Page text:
Every queen needs a round, metal hat, or "crown". This one is technically a 'coronet' as it does not close in the middle. The queen is Titania, queen of the faeries, daughter of Titans, and fittingly, her crown is made of titanium. The parts were designed using Autodesk Inventor and fabricated with a CNC waterjet cutter, in the traditional craftwork of olde. At TechShop
Step 1: Gather Your Implements
Traditionally, faerie crowns are forged in a volcano. If a volcano is unavailable, you can purchase .035 sheet titanium from a number of online suppliers. For a 22" circumference head, you will need a sheet 7.5" x 19." Titanium is not essential to the construction, you can use steel or aluminum. That is, if you fear not to offend the faerie queen.
-Titanium sheet, 7.5"x19"x.035"
-Welder (TIG or Spot Welder)
-Work holding equipment
-Autodesk Inventor or another 2D vector design program.
Step 2: Design
The three parts of each side consist of two bezier curves. These can be rendered in Autodesk Inventor as splines or arcs. I have added extra thickness to the points where they will be welded that will be ground-off later. The circumference for this piece will be 23", so each half spans 11.5".
Step 3: Cut the Parts
If you do not have access to a CNC cutter or a faerie, the parts can be cut from sheet metal using hand shears or an equivalent stationary shear.
Step 4: Join the Parts
Start by laying the separate pieces out in formation and figure the precise angle at which they will be joined. If you can, make a mock-up crown from cardboard to get the shape right.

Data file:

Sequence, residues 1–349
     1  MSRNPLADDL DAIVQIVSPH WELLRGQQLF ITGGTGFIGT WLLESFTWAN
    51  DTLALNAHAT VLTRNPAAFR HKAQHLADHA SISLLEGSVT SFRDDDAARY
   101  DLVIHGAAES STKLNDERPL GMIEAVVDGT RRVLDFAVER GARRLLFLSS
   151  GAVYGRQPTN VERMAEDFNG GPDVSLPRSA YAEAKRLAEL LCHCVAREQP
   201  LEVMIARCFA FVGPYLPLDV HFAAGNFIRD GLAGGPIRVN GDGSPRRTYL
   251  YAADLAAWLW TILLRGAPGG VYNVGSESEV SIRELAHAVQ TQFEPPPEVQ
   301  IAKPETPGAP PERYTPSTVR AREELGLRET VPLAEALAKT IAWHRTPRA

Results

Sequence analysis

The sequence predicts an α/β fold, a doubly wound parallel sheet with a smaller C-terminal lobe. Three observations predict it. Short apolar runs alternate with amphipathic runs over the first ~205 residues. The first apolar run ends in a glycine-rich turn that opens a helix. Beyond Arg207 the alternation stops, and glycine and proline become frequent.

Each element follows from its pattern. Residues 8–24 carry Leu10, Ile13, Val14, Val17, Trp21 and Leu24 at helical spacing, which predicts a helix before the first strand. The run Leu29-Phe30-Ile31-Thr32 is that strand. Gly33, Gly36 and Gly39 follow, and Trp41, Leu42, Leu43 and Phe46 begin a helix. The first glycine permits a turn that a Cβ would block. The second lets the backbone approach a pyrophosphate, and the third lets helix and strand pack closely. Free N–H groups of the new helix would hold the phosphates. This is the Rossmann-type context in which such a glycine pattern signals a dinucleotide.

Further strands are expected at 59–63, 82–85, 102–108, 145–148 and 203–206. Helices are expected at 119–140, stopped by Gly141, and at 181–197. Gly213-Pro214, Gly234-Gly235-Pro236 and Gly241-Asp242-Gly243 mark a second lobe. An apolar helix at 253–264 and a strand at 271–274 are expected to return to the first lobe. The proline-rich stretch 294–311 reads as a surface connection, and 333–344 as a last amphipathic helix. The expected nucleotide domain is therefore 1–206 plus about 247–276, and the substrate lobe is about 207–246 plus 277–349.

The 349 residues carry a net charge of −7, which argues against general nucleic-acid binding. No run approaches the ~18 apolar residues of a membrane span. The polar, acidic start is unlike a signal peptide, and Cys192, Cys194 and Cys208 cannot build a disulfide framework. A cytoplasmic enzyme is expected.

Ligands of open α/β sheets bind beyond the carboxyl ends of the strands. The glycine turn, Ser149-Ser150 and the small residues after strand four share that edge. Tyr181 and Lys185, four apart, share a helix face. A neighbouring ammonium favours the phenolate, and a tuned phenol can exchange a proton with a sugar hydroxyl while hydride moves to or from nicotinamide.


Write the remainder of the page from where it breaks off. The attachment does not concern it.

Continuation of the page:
Some tacks can be made with a spot welder, though for edges this thin, a precision TIG welder is called-for. Titanium can often be welded without filler if there is enough contact area.
All points can be welded at this time except the front center, where the two ends come together. This must be done after the metal has been bent into roughly the final shape. Do not weld where the pieces cross in the middle. The parts need to move freely when being bent and can be tacked afterwords.
Step 5: Forging
The parts are flat, and they must be curved. I cut an oval from oak to achieve a perfectly symmetrical ellipse. Using a blowtorch, heat the metal until it is bright orange. At this point, it will hold most of the curve you bend it to. The bend does not need to be hyper-extended since the curve will be closed in the front. The unjoined pieces on either side will have to be bent separately.
You need only heat those parts and bend them until they don't resist. Uneven heating will produce an irregular curve, so keep your eyes on the orange metal and keep the flame moving.
Step 6: The Last Weld
Now, with a nearly closed ellipse, the front can be clamped together and welded closed.